top of page
  • EJP

Development, aid sought to spur new plan for Chattanooga's Westside

EJP partnered with Westside residents, local community stakeholders, Chattanooga Housing Authority and Chattanooga Design Studio to draft a master plan for the community that would honor the history and culture of the neighborhood while also creating better future opportunities for the current residents. The Westside Evolves Transformation Plan was awarded a Merit Award for Emerging Projects by CNU's 2022 Charter Awards. EJP now serves as program manager for the implementation of this plan.

Amid the new million-dollar riverfront condos being added at Cameron Harbor and the $160 million Novonix battery equipment plant and new medical offices taking shape at The Bend, Chattanooga's oldest and biggest public housing complex is nearing the end of its useful life.

The 497-unit College Hill Courts opened in 1940.

"In all honesty, it's impossible for us to keep it going long into the future," Betsy McCright, executive director of the Chattanooga Housing Authority, said in an editorial board meeting with the Times Free Press.

Nearby, the authority's Gateway Towers, while far newer having been built in 1977, suffers from microcracking in the envelope of the building that serves to insulate the interior from the exterior, forcing 23 of the 132 units to be deemed uninhabitable because of safety concerns.

The authority estimated years ago it would cost at least $60 million to repair College Hill Courts, and the price tag for rehabilitation has likely risen since.

In the past, Chattanooga's housing authority has abandoned such projects once they became too old and costly to maintain, dislocating tenants as the properties are ultimately sold for other uses. The authority demolished the Spencer McCallie Homes in 2003, the Maurice Poss Homes in 2005 and the Harriet Tubman housing development in 2012. Although replacement housing was built, the new development was often smaller and didn't always include the same tenants.

In the Westside of downtown Chattanooga, the housing authority has pledged a far different approach. The authority and city are determined to maintain an affordable, subsidized housing development, even as rising property values all around it are pushing up home prices and rents and gentrifying parts of the central city.

In the Westside plan developed by residents, planners and consultants over the past 18 months, all of the subsidized units in the Westside will be maintained, and there will be a "build first" strategy to ensure new affordable housing is built before the old units are torn down.

The area is home to more than 2,000 residents who live in subsidized housing at College Hill Courts and the neighboring Boynton Terrace Apartments, Gateway Towers, Dogwood Manor, Ridgeway, Golden Gateway, Boynton Overlook and Riverview Apartments.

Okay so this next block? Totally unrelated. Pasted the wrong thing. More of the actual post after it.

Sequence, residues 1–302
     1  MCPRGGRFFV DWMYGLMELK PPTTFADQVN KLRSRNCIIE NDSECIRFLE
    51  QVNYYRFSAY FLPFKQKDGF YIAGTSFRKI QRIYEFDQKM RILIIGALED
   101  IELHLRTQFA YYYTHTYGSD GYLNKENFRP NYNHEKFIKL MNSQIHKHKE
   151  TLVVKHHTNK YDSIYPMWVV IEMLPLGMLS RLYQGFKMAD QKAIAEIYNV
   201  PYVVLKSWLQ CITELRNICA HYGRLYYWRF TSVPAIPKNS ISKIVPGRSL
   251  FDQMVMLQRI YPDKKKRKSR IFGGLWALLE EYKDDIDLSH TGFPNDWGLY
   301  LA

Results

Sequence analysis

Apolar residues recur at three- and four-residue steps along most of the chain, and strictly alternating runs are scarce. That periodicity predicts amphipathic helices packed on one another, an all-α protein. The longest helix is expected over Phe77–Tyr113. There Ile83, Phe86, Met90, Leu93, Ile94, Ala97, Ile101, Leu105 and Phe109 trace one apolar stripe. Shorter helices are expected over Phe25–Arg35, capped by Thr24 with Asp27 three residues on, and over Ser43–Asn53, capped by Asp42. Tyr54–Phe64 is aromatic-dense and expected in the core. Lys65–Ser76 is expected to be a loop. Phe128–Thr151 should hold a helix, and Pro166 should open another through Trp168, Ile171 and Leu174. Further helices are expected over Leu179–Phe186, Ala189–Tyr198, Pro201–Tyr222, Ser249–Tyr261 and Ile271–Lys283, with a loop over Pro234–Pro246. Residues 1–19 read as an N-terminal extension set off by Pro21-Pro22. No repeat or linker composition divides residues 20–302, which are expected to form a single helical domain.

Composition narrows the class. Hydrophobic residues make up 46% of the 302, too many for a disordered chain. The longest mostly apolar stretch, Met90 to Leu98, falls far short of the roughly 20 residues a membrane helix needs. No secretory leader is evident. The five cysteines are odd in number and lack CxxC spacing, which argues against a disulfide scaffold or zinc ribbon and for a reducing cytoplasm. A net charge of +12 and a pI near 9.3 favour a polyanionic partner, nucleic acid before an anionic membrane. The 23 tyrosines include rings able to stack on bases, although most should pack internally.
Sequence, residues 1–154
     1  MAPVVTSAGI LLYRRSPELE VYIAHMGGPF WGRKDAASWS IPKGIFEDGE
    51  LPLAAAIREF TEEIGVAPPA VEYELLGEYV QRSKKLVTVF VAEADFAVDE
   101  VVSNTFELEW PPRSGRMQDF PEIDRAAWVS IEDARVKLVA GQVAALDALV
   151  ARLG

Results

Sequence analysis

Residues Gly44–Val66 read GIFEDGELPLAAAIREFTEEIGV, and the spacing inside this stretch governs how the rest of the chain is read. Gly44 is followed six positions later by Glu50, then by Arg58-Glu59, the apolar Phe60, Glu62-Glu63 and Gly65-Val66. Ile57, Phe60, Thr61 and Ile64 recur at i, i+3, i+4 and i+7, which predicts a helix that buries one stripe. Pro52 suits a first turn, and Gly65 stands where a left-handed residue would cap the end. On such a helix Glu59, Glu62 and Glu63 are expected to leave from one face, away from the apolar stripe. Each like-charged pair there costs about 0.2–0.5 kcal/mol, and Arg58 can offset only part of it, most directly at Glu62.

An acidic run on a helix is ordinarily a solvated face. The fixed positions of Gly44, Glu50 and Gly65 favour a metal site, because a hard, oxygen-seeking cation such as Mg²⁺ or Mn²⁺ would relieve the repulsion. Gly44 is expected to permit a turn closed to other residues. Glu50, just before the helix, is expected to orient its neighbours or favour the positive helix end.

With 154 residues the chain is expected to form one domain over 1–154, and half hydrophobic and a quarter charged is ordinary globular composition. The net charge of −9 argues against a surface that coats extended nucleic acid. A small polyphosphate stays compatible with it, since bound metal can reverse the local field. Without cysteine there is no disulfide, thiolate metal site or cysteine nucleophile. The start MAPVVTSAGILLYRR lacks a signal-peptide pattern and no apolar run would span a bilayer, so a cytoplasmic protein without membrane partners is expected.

"The housing authority has had a history of moving people out of properties and bulldozing our older properties and trying to get new development where maybe folks could come back," McCright said in a recent interview about the authority's plans for the Westside. "We do not want the process this time to be like the past."

With input from most of the residents who live in and around the Westside, a new plan was developed to build enough new housing units to maintain subsidized units for all existing tenants while bringing new services, businesses and recreational opportunities to the area. The 130-page plan recommends a mixed-use development on the 120 acres in the targeted area that could bring up to $1 billion of investment to the Westside over the next decade.

The new Westside plan proposes to relocate the administrative offices of the city's Youth and Family Development offices at 510 W. 12th St. to free up more property for mixed-use housing and open spaces. Many of the existing single-story brick and concrete public housing units in College Hill Courts would be replaced with more modern five-story housing facilities.

The new plan also envisions replacement housing being built along more pedestrian-friendly boulevards and a new walkway being extended along 12th Street to the Tennessee Riverwalk west of the Riverfront Parkway.

The James A. Henry school, which closed as an elementary school in 1980 and is in need of repairs, would be revamped and used as a community facility and the home of a relocated Head Start program and an art and culture center. Residents also hope to bring back a health clinic to the James A. Henry school, similar to what CHI Memorial operated for 14 years in the building before it closed its Westside Health Center in 2017.

Outside help

The authority is hoping to tap a variety of federal loan and grant programs for low-income housing and neighborhood redevelopment to pay for its building plans. But to secure the extra money from Uncle Sam, even more money will have to be put up by private developers, foundations and local governments to match the federal dollars.